Keep in mind that I am not talking about language immersion schools that are AIMED at non-native speakers, such as French immersion schools in Canada.  I am talking about sending your kids to the French school where the French kids go or the Spanish school where the Hispanic kids go or the Japanese school where the Japanese kids go.  Your child will suffer unless there is some kind of, well, reason to send them there, like that you happen to live in France or Spain or Japan, or you used to live there and you don't want your child to lose the language that they have learned, or that you are French or Spanish or Japanese.

If your family is bilingual, which school will maintain the weaker language the best?  I speak only English with the kids and my partner speaks only French with them.  The Bambina is in the French system because, without the support of school, French would be her weaker language.  Papa is simply not home enough to ensure that she is is getting sufficient exposure to French.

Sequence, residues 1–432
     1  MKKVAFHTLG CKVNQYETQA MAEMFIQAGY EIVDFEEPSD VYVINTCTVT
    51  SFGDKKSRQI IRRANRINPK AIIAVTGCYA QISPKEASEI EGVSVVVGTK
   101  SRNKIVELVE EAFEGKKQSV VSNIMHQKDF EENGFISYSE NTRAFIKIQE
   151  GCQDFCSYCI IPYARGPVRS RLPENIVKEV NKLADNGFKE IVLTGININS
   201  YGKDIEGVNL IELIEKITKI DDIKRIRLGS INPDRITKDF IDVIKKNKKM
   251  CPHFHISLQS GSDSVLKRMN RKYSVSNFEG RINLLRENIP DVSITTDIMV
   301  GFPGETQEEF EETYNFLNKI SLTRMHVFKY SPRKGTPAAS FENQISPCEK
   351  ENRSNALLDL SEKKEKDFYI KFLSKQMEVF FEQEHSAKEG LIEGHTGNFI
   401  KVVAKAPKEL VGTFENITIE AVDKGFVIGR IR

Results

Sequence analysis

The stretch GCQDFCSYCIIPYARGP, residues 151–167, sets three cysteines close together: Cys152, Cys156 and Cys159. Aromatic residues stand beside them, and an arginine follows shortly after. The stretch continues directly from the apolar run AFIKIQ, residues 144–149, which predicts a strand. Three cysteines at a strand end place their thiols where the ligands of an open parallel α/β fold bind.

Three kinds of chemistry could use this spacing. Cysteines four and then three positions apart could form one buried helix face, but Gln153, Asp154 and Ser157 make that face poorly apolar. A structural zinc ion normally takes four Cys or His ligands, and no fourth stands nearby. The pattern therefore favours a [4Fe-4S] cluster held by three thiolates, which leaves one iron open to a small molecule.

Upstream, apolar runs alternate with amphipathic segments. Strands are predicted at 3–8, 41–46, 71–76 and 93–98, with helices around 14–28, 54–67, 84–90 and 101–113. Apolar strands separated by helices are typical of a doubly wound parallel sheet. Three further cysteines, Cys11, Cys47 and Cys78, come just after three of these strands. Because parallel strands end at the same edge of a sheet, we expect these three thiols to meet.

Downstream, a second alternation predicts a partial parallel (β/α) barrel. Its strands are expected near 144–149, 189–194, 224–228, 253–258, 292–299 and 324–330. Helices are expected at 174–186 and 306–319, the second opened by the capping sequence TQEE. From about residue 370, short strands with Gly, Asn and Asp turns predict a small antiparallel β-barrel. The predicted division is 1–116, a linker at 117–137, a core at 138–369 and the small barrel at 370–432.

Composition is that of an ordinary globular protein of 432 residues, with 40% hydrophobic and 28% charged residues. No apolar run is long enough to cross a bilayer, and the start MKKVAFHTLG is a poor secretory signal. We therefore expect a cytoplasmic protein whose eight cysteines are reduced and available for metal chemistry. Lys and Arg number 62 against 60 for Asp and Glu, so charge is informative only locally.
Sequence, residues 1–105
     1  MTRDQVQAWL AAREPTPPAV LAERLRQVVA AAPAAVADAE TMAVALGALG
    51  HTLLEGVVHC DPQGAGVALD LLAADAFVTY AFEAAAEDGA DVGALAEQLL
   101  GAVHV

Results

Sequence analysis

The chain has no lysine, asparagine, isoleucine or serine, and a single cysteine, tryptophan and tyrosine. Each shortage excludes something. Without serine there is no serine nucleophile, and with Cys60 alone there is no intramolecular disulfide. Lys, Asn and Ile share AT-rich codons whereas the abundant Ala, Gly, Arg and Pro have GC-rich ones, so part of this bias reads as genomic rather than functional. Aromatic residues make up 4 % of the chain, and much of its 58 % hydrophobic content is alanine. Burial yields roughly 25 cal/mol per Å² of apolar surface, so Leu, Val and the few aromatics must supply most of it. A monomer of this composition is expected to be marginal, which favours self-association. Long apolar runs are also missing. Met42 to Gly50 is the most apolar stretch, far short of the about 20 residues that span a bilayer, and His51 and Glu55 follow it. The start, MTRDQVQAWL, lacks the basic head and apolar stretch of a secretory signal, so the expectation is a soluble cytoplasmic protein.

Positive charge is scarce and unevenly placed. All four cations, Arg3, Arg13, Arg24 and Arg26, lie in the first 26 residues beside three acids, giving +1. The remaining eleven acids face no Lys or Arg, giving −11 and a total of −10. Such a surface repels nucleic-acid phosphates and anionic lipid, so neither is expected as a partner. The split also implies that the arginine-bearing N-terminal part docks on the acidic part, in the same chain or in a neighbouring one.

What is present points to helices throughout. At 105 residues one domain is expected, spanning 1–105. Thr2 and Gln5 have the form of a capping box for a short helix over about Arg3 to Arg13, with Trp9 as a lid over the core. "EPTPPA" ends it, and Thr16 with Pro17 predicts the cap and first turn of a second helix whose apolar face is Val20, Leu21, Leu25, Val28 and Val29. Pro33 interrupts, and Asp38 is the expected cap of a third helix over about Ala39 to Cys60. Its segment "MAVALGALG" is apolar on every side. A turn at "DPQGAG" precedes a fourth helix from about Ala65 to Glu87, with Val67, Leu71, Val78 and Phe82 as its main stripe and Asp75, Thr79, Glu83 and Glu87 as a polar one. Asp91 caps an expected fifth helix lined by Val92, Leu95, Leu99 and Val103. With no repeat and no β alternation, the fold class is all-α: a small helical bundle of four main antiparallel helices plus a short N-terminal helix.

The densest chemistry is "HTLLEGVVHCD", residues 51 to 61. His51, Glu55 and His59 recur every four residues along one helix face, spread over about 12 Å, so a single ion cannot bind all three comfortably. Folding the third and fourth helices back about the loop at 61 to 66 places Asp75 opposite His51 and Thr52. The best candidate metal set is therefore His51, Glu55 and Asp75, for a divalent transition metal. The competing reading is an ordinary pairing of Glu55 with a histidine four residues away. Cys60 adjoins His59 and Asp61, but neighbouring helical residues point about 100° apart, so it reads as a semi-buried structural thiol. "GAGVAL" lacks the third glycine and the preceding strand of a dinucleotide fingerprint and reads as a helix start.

Considering choosing a local school if you speak another language at home and if you are going to be living in the country for a long time.  Why not?  You live there. Your child might as well learn the language of the street. 

Language immersion schools work best when there is support at home. If you are just a North American family living in North America and want to put your child in a French or Spanish immersion school that is aimed at non-native speakers, consider how much support you will be able to offer your child.  My experience with language immersion kids is that, without the support of a family member who speaks the language, these children end up not being able to speak the immersion language well and, worse, not being able to read or write their native language well.  In the absence of a good support system at home, I would choose a plain old good quality traditional school over a language immersion school.